What is SLS – Sodium Lauryl Sulfate?

Sodium Lauryl Sulfate
On average women add more than 200 chemicals to their skin daily, and more than 60% of these chemicals get absorbed directly into the bloodstream. Combine this with chemicals found in hair care and dental hygiene products, such as Sodium Lauryl Sulfate and Sodium Laureth Sulfate, and it’s no wonder why more people are searching for a natural solution.

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There are a lot of rumors out there about Sodium Lauryl/Laureth Sulfate. Is it really a carcinogen? What about an endocrine disruptor and skin irritant? What’s truth and what’s myth? We’ve put together this article to clear up the confusion about the debated chemical. There’s no need to spread lies…the truth is scary enough. To make it easy we’re going to refer to Sodium Lauryl Sulfate and its even more evil twin, Sodium Laureth Sulfate from this point forward as SLS.

If you have the suspicion that washing your face is making your skin dry, or that shampooing is giving you an itchy scalp or making your eyes sting, or that cleaning your teeth is giving you mouth ulcers, sodium lauryl sulfate is the likely culprit. In studies, there are “significant correlations” (in the words of one) between SLS and contact dermatitis. The Journal of the American College of Toxicology says that it has “a degenerative effect on the cell membranes because of its protein denaturing properties”. The Journal adds that “high levels of skin penetration may occur at even low use concentration.

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10 Reasons to avoid SLS – Sodium Lauryl Sulfate

1. It is a known skin irritant. When cosmetic companies need to test the healing properties of a lotion, they need to irritate the skin first. What do they use to do this? SLS, of course. If you have dandruff, dermatitis, canker sores, or other irritated tissues or skin, it could be due to SLS.

2. It pollutes our groundwater. It is toxic to fish and other aquatic animals and has the potential for bioaccumulation (meaning it accumulates in the bodies of the fish.) It also is undetected in many municipal water filters, getting into the tap water that you drink.

3. It is actually a pesticide and herbicide. It is commonly used to kill plants and insects. Makers of SLS recently petitioned to have SLS listed as an approved pesticide for organic farming. The application was denied because of its polluting properties and environmental damage.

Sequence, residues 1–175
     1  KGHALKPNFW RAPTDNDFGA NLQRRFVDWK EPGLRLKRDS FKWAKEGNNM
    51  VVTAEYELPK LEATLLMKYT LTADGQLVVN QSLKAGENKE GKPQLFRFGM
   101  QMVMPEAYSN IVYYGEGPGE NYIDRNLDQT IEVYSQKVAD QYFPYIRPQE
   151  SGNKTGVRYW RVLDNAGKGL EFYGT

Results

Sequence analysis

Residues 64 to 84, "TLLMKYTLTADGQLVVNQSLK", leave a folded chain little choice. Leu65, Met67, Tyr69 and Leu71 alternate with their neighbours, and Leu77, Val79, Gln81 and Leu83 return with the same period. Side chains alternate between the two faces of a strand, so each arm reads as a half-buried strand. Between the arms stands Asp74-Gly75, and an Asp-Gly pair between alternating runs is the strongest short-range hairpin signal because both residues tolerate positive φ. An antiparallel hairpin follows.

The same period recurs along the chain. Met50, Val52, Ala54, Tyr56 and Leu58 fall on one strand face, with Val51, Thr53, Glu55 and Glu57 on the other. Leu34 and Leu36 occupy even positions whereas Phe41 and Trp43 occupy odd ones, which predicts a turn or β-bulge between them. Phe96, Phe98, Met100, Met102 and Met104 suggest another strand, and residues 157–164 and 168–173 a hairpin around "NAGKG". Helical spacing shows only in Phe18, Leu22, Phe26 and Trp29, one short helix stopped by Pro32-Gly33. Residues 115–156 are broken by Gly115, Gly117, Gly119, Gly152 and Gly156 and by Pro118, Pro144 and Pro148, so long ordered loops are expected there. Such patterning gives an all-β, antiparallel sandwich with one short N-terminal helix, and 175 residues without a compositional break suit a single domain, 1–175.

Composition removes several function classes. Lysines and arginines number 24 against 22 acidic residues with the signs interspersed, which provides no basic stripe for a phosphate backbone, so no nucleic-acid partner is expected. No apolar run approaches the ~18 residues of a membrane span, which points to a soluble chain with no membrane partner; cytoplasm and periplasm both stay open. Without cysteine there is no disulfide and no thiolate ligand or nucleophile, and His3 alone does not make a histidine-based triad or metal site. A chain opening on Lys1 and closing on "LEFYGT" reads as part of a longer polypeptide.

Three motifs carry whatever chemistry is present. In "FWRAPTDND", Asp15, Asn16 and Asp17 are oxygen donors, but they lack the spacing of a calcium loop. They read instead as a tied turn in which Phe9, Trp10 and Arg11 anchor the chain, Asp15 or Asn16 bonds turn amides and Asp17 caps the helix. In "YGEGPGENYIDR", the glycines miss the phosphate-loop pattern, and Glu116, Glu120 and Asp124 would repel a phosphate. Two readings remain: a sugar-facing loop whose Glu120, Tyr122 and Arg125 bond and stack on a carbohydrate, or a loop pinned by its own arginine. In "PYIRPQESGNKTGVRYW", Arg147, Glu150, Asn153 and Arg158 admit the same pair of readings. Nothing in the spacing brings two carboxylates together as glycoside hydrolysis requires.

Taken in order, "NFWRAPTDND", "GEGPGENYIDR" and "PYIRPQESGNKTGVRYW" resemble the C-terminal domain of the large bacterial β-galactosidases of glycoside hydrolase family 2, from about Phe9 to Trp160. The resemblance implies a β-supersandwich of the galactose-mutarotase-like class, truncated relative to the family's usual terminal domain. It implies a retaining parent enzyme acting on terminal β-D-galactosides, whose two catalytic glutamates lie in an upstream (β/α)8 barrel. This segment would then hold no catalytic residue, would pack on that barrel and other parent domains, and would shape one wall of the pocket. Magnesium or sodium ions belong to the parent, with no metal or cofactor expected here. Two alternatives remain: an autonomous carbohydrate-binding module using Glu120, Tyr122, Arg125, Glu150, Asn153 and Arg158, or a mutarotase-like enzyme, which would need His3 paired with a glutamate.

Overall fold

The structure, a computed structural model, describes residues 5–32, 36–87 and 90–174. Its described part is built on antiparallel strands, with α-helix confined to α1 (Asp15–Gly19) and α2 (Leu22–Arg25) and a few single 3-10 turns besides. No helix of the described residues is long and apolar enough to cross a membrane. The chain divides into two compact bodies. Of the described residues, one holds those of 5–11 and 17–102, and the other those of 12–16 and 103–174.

4. It emits toxic fumes when heated. Toxic Sodium Oxides and Sulfur Oxides are released when SLS is heated. Makes a hot shower with an SLS shampoo seem not quite as nice…

5. It has corrosive properties. According to the American College of Toxicity, this includes corrosion of the fats and protiens that make up skin and muscle. SLS can be found in garage floor cleanrs, engine degreasers, and car wash soaps.

6. Long-term permeation of the body’s tissues. A study from the University of Georgia Medicine showed that SLS had the power to permeate the eyes, brain, heart, and liver.

7. It’s an eye irritant. It was shown to cause cataracts in adults, and is proven to inhibit the proper formation of eyes in small children.

8. Nitrate and other solvent contamination. Toxic solvents, including carcinogenic nitrates are used in the manufacturing of SLS, traces of which can remain in the product.

9. Manufacturing process is highly polluting, emitting cancer-causing volatile organic compounds, sulfur compounds, and air particulates.

10. It helps other chemicals get into your body. SLS is a penetration enhancer, meaning that its molecules are so small they’re able to cross the membranes of your body’s cells. Once cells are compromised, they become more vulnerable to other toxic chemicals that may be with the SLS.

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Can SLS – Sodium Lauryl Sulfate cause Cancer?

At this point in time there is no scientific evidence that links the use of SLS to Cancer.

Sodium laureth sulfate and sodium lauryl sulfate are not known carcinogens, according to the American Cancer Society. However, some studies show the harsher sodium lauryl sulfate may cause mutations that could lead to cancer, notes Columbia University’s Health Services advice column “Go Ask Alice!” However, the evidence isn’t clear whether the small amounts used in shampoos and other personal products would be enough to cause cancer.

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Which products contain SLS – Sodium Lauryl Sulfate

SLS is a common ingredient in laundry detergents, dish soaps, shampoos and toothpaste. It can be found in products sold under popular brands like Tide, Pantene and Colgate. It is also in cleaners made by companies in the natural-products space, including Seventh Generation laundry detergent, Method dish soap and Tom’s of Maine toothpaste. SLS is also in the coatings of some drugs to help them dissolve after being swallowed.

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What do consumer products makers say about SLS – Sodium Lauryl Sulfate

“For many years, SLS was the star surfactant in skincare products, despite being a known irritant. … We’ve switched over to sodium coco sulfate, which is a gentler alternative always derived from coconut.” — The Honest Company

“We use SLS only at the levels needed to deliver on its intended purpose, delight consumers and be safe. It also has no known toxicity–not even when ingested.” — Tom’s of Maine

“Due to its concentrated chemistry, SLS has become the benchmark for irritation studies.” – EO Products

“SLS is a widely used surfactant in cleaning products, cosmetic, and personal care products. SLS’s uses in these products have been thoroughly evaluated and determined to be safe for consumers and the environment.” — Procter & Gamble

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